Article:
France May Allow Some Huawei Equipment In 5G Network

French authorities’ decision over Huawei’s equipment is crucial for two of the country’s four telecoms operators, Bouygues Telecom and Altice Europe’s SFR, as about half of their current mobile network is made by the Chinese group.

France will authorize the use of some of Huawei’s equipment in the rollout of its 5G network, two sources close to the matter told Reuters, despite the U.S. calls to exclude the Chinese telecoms giant from the West’s next-generation communications.

The French cybersecurity agency, ANSSI, is due to tell telecoms operators which equipment they are allowed to use for the deployment of their 5G network in France but has not made public any decision.

The two sources, who spoke on condition of anonymity, said ANSSI had decided to approve the use of Huawei gear, but only for what they described as non-core parts of the network, as these pose less significant security risks.

“They don’t want to ban Huawei, but the principle is: ‘Get them out of the core mobile network’,” one of the two sources said.

A spokeswoman for ANSSI declined to comment.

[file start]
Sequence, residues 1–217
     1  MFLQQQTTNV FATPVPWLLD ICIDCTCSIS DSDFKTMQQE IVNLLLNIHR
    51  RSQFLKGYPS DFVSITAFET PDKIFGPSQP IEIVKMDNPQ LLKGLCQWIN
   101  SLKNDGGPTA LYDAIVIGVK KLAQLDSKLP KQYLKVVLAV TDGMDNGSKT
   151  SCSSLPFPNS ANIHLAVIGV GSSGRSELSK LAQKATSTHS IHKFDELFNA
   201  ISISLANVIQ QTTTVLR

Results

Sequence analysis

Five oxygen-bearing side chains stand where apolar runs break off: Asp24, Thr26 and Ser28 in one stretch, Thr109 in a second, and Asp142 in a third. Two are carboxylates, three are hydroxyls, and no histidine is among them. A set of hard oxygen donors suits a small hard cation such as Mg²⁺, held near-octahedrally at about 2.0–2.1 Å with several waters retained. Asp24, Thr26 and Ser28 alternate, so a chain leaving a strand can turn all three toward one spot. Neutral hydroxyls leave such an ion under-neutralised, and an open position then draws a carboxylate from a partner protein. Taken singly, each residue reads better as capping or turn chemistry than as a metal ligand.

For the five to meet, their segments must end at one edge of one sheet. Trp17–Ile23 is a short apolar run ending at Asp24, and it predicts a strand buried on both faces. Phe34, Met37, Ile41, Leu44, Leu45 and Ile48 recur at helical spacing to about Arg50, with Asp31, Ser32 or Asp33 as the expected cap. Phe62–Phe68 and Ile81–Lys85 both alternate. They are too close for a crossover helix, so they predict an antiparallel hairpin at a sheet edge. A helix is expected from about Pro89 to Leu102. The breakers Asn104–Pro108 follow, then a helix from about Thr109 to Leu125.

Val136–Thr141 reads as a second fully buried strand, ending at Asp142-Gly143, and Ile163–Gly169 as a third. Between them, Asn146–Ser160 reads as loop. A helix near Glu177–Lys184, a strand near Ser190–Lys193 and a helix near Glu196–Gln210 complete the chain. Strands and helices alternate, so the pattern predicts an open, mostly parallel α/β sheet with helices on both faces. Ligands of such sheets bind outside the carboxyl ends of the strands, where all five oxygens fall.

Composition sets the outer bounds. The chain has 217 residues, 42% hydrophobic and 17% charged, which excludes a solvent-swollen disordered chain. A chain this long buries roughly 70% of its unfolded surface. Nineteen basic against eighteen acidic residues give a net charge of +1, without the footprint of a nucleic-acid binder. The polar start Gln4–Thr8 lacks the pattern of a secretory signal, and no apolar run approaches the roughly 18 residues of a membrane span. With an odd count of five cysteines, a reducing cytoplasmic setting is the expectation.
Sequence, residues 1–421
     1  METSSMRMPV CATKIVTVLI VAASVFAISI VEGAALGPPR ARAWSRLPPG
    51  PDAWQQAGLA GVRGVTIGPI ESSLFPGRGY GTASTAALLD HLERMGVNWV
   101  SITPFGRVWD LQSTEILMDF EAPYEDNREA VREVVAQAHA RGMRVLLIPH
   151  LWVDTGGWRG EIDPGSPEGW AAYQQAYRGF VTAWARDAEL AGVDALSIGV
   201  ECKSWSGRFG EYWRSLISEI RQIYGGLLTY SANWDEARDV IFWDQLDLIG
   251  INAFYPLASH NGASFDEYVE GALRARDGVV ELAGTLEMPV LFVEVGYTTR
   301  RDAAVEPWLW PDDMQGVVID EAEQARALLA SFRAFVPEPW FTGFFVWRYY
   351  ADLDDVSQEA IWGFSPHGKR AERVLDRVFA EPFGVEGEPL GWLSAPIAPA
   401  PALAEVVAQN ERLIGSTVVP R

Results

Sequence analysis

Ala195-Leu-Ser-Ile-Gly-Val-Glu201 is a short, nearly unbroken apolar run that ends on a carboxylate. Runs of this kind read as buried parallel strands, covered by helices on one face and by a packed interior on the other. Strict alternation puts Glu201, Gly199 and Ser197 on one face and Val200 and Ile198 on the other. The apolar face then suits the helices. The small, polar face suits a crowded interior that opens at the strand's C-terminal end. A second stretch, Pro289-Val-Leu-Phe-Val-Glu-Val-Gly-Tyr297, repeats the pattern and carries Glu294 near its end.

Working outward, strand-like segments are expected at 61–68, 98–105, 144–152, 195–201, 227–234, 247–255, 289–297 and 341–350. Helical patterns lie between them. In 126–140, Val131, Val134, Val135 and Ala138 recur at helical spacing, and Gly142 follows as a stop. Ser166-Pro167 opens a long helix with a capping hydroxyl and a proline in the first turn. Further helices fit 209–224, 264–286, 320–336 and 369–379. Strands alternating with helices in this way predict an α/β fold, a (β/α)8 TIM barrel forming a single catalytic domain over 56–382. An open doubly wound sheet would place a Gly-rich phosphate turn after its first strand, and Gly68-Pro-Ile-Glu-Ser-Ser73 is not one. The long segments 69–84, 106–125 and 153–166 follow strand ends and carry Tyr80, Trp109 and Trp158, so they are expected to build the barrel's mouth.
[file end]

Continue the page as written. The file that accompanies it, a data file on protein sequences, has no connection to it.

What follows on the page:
Core mobile networks carry higher surveillance risks because they incorporate more sophisticated software programs that process sensitive information such as customers’ personal data.

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French authorities’ decision over Huawei’s equipment is crucial for two of the country’s four telecoms operators, Bouygues Telecom and Altice Europe’s SFR, as about half of their current mobile network is made by the Chinese group.

State-controlled Orange has already chosen Huawei’s European rivals, Nokia and Ericsson, which the U.S. operates have favored over Huawei.

Up to now, sources close to the French telecoms industry have said they fear Huawei will be barred in practice even if no formal ban is announced.

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